Adèle's life is changed when she meets Emma, a young woman with blue hair, who will allow her to discover desire and to assert herself as a woman and as an adult. In front of others, Adèle grows, seeks herself, loses herself, and ultimately finds herself through love and loss.
Malèna is about the peril of a beauty through the eyes of a 12 year old kid named Renato. He experiences three things on the same day, beginning of war, getting a bike and sees the arrival of Malèna in town. Through his eyes, we see the curse of beauty and loneliness of Malena, whose husband is presumed to be dead, and through his soul we see his love for her.Written by
Giuseppe Sulfaro was actually naked in the sex scene between Renato and Lupeta the prostitute and no body double was used. See more »
When Malèna is hit by the local women after becoming a whore and her hair is cut, she doesn't have any marks or cuts on her head. But later there are sometimes two spots or cuts on her head. See more »
The movie is dedicated to Tornatore's Father See more »
Original Italian version (rated T, suitable for all ages) runs 109 minutes. Miramax cut the film down to a running time of around 92 minutes, in order to obtain an R rating. Gone or shortened were many of Renato's dream sequences with Malena which involve a lot more nudity than in the cut version. See more »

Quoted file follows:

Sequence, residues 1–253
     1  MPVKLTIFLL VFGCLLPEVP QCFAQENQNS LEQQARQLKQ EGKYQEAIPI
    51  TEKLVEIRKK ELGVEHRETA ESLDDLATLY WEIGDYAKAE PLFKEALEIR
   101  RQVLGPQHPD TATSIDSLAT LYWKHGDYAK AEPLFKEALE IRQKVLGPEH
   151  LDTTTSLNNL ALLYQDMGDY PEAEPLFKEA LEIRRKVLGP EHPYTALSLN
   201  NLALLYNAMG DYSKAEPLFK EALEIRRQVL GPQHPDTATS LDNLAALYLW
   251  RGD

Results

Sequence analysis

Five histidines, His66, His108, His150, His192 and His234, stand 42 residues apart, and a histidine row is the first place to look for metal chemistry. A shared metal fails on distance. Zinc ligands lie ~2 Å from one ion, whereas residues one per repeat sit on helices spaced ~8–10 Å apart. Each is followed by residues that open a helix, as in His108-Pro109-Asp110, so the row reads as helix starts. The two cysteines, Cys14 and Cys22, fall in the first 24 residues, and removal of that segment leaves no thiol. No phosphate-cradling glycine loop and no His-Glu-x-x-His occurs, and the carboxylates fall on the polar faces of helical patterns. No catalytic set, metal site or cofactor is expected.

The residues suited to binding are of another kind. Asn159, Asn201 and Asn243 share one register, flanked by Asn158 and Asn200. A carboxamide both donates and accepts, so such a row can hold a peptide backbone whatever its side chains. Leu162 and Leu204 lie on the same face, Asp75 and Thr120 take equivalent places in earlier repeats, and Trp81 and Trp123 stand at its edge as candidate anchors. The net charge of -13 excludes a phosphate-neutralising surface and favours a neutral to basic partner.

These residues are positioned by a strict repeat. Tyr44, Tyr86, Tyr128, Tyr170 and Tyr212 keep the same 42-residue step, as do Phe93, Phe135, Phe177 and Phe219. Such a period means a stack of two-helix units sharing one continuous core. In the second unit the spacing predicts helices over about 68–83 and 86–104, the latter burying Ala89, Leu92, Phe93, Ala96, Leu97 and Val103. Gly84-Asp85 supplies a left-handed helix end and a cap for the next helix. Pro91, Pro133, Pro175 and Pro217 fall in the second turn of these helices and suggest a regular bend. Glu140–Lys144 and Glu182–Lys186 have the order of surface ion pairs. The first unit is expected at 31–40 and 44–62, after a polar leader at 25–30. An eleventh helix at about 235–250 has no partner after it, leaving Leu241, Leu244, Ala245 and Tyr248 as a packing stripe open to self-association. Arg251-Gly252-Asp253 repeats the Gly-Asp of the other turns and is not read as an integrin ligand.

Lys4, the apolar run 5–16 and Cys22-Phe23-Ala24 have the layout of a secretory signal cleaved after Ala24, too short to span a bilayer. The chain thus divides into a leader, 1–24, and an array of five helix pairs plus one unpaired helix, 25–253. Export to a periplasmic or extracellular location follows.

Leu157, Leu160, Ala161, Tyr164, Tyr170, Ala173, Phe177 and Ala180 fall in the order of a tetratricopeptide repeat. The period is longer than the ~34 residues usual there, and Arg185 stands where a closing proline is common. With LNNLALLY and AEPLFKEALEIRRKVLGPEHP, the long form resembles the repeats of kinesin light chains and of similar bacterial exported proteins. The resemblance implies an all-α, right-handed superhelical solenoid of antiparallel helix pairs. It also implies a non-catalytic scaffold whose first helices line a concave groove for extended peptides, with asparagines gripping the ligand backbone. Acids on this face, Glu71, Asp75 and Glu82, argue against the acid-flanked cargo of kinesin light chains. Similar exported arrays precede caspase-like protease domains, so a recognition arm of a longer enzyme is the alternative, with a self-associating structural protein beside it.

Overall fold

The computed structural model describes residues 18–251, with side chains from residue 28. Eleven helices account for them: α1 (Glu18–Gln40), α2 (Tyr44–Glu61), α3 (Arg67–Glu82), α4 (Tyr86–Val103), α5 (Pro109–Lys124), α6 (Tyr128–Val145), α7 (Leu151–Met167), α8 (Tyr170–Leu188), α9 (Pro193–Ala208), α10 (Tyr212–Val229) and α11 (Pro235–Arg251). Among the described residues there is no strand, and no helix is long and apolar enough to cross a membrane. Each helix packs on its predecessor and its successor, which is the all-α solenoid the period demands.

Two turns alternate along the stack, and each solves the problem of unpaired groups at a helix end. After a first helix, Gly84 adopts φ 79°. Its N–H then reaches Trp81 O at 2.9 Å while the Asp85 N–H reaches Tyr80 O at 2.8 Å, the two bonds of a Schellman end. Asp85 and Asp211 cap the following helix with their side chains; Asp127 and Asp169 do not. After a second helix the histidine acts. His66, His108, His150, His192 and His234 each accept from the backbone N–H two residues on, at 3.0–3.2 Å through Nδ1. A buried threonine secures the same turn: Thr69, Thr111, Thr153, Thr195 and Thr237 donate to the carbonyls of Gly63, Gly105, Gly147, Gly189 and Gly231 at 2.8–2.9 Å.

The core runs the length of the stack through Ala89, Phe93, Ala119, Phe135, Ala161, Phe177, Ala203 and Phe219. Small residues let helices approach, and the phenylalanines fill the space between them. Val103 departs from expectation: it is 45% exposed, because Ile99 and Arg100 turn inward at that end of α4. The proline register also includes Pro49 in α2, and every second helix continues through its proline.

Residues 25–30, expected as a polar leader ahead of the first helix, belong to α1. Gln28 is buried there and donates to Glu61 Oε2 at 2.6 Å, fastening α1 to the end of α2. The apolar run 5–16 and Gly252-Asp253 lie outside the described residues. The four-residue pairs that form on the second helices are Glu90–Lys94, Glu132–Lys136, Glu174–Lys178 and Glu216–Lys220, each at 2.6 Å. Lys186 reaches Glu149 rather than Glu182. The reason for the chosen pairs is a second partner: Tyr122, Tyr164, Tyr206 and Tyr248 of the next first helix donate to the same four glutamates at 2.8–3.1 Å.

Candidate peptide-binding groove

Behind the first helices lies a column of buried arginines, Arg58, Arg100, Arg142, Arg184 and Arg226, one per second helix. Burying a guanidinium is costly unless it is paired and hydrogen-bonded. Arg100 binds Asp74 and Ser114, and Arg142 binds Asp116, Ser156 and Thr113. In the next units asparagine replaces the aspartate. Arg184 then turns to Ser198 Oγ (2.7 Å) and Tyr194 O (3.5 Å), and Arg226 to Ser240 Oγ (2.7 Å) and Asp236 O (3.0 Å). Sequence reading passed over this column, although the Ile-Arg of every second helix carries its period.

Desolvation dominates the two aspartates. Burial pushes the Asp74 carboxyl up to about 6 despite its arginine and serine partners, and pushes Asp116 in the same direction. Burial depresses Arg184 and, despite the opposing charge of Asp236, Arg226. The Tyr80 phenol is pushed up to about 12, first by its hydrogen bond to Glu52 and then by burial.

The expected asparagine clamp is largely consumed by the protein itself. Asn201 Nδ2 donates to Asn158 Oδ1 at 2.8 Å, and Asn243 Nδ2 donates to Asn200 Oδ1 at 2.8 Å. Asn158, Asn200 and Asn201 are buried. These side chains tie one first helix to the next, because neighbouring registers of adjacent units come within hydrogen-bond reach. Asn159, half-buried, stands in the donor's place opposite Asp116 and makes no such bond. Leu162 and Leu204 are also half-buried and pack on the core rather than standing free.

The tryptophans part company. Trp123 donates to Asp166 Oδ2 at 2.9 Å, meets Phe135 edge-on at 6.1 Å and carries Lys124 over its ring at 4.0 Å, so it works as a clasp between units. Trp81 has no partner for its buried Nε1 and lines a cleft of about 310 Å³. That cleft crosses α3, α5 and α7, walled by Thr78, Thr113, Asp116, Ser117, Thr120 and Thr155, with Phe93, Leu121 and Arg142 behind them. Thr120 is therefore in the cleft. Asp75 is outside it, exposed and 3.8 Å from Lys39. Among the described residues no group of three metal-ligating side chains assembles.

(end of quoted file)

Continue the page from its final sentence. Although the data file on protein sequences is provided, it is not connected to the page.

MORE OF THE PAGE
Sicily, 1940. A teenage boy (Giuseppe Sulfaro) is initiated into manhood when his friends introduce him to the glories of Malena (Monica Belluci), the most beautiful woman in town. Sulfaro becomes obsessed, following her wherever she goes on his bike, and he even spies on her in her home. His obsession is not the only one, as much as he wishes and wants to believe it were - the whole town worships her. Every man wants to have her, and every woman is deeply jealous of that fact. And, man, does that make life hard for Malena - her husband is fighting the war in Africa, and the rumors are flying, making life nearly impossible. Sulfaro might see her as a sex object initially, but the more he observes the more he sympathizes. This film begins as an enjoyable comedy, but it grows deeply serious. The climax is one of the harshest, most potent sequences I've seen in a long while. One will recognize the nostalgic tone of the movie if you're familiar with Cinema Paradiso, but I think this is actually a stronger film. Excellent.
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